From genes to machines

From genes to machines

(Parte 2 de 3)

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Figure 3. A DNA walking device and a DNA-array-modifying device. (a) A DNA walking robot. The device consists of a ‘walker’ (brown) of two double helical domains connected by flexible linker regions. The device is held to a ‘sidewalk’ (blue) – comprising three double helical domains – by set strands (black outline). (i) Both the sidewalk and thewalkeraretailedinsingle-strandedstrandsandtheset strandsconnectthewalkerto thesidewalkattheleft twopositions.An unsetstrandremovesthesetstrand that attaches the right leg of the walker to the sidewalk (i) and (ii), and a new set strand attaches the right leg to a new position on the sidewalk (iv). The same process is repeated so that, at the end of the ‘walk’, the nanorobot has moved one step (v) and (vi). A psoralen molecule, which crosslinks the walker to the sidewalk, is used for analytical purposes (represented by a red rectangle at the bottom of each leg of the walker). (b) A 2D array capable of changing cavity dimensions. (i) A schematic strand diagram of the tiles and their incorporation into arrays. The red and purple set strands correspond to a contracted state, whereas the blue and green set strands correspond to the expanded state. (i) AFM images illustrating the control of cavity size. The ‘before’ (left), ‘transition’ (center) and ‘after’ (right) states of the array are illustrated in both directions. Part (a) reproduced, with permission, from Ref. [28]. Part (b) reproduced, with permission, from Ref. [31].

Review TRENDS in Biochemical Sciences Vol.30 No.3 March 2005 123 need to open it by addition of an unset strand. Nevertheless, it is does not appear impossible to use cyclic systems to control nucleic acid nanodevices in a manner similar to that used by Michael Elowitz and Stanislas Leibler to control the color of cells [50].

Concluding remarks The devices described here represent a remarkable toolbox for controlling the structural states of nucleic acid objects, and even of arrays. I suspect that the importance of the sequence selectivity (associated, so far, only with the Yurke et al. [23] control method) is the key to future progress of this field. It will come to the fore even more than it has already when numerous robust devices are incorporated into fixed positions in periodic arrays and other structures, not only as done by Yan et al. [31], but also in systems in which the devices do not modify the basic structure of the arrangement. Likewise, the extension of the Dittmer and Simmel [49] approach to complete autonomy will enable structural manifestations of logical circuits, produced perhaps by the techniques of DNA- based computation (see, for example, Ref. [12]). The toolbox will no doubt continue to grow. However, what is now required is for the DNA-nanodevices community to interact with other communities, ranging from materials science and nanoelectronics to biochemistry, genomics and molecular therapy. The value of these devices and approaches will be maximized when these diverse communities can help to establish goals for their use.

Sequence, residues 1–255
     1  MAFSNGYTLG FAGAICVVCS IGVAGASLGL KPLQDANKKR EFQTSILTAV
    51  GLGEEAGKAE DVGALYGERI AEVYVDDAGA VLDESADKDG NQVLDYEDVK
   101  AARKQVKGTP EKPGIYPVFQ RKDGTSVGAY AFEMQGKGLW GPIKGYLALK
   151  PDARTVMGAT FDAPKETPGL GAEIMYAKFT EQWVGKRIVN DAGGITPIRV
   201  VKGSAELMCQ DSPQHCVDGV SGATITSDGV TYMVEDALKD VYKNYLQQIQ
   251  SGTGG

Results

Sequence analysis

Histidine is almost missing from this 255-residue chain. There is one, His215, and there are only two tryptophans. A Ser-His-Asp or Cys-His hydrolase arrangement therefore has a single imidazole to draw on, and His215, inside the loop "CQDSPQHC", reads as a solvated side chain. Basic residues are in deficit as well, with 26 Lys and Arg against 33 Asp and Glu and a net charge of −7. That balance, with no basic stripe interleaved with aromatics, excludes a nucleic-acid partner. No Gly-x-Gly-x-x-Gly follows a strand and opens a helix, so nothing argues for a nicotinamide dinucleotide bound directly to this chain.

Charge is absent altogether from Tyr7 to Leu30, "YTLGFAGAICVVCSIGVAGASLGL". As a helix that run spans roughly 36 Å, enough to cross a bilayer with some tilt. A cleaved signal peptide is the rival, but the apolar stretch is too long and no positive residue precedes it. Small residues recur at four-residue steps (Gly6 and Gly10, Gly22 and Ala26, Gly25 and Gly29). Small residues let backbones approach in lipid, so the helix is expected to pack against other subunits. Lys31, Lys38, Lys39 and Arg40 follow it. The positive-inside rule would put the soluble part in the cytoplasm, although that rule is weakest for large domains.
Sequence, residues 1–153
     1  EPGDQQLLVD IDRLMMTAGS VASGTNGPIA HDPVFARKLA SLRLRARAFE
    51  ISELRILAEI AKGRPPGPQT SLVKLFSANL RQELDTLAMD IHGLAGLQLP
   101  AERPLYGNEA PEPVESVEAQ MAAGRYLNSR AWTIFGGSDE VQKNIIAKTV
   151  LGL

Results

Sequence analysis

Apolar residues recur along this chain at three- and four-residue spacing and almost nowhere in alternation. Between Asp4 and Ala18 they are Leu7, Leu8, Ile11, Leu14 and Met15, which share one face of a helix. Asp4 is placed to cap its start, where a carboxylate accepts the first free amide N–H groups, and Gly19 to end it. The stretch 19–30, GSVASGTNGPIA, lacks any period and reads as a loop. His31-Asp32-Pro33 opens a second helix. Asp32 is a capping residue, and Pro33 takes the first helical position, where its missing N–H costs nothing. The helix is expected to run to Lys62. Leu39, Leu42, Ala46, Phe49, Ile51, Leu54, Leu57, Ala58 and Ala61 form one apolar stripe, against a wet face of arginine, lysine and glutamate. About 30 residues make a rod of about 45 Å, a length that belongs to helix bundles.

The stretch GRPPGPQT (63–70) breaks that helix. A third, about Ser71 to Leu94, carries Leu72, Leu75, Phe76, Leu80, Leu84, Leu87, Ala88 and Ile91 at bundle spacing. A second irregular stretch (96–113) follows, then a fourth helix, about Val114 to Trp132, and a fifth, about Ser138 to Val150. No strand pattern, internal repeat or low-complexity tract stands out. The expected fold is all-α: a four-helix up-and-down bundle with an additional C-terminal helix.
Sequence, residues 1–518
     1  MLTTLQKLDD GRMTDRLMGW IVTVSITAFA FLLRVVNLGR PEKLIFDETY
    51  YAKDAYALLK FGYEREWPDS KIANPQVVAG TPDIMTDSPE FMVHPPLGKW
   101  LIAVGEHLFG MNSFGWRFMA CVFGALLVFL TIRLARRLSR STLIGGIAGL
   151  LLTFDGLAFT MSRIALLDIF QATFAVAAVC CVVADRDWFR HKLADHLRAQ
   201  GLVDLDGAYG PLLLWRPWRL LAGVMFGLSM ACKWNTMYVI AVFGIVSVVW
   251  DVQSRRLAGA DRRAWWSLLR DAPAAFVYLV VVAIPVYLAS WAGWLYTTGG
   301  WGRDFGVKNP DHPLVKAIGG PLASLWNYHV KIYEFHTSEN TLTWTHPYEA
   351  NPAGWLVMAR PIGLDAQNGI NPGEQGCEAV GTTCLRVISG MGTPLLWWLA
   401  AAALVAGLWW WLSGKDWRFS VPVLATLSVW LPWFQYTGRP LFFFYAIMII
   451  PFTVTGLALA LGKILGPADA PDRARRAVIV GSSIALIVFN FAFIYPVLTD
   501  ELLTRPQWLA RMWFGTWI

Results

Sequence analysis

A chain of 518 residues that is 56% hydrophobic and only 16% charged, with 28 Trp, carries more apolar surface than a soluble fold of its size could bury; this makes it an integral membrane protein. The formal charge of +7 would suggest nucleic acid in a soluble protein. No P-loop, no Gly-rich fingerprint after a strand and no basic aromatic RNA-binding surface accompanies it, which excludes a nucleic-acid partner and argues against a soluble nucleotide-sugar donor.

This research has been supported by grants GM-29554 from NIGMS, N00014–98–1-0093 from ONR, grants DMI-0210844, EIA-0086015, DMR-01138790, CCF-0432009 and CTS-0103002 from NSF, and an award from Nanoscience Technologies.


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Blind DissociateOpen state

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(a) (b) IHF

Figure 4. Advanced DNA machines. (a) A DNA-stress gauge. A DNA-distorting protein (IHF in this case) binds to the upper domain of a DNA device. The central part of this shaft connects two three-domain double helical motifs (TX motifs), and it contains the binding site for IHF. When IHF binds, it distorts the upper helix by 1608 (a smaller angle is used here for clarity). The sticky ends that hold the TX motifs together must be disrupted for the protein to bind. By titrating the strength of the sticky ends, it is possible to estimate the amount of work that the protein can derive from binding to its recognition site. The green and red circles represent donor (D) and acceptor (A) dyes that are used to monitor the state of the system by FRET. (b) An autonomous DNA machine. The machine consists of a DNAzyme that can bind and cleave a piece of RNA; when it binds, the machine is in the open state. Following cleavage of the RNA, the products are sufficiently short that they dissociate and the device closes. However, another RNA strand in the solution can bind and restore the machine to the open state. The state of the machine is monitored by FRET, using the dyes represented by black and green circles. An additional sophistication to this device is the ability to apply a brake to the system. A strand of DNA (green) can block the site, but can be removed by a complementary strand (light blue). Part (a) reproduced, with permission, from Ref. [40]. Part (b) reproduced, with permission, from Ref. [4]. q (2004) American Chemical Society (

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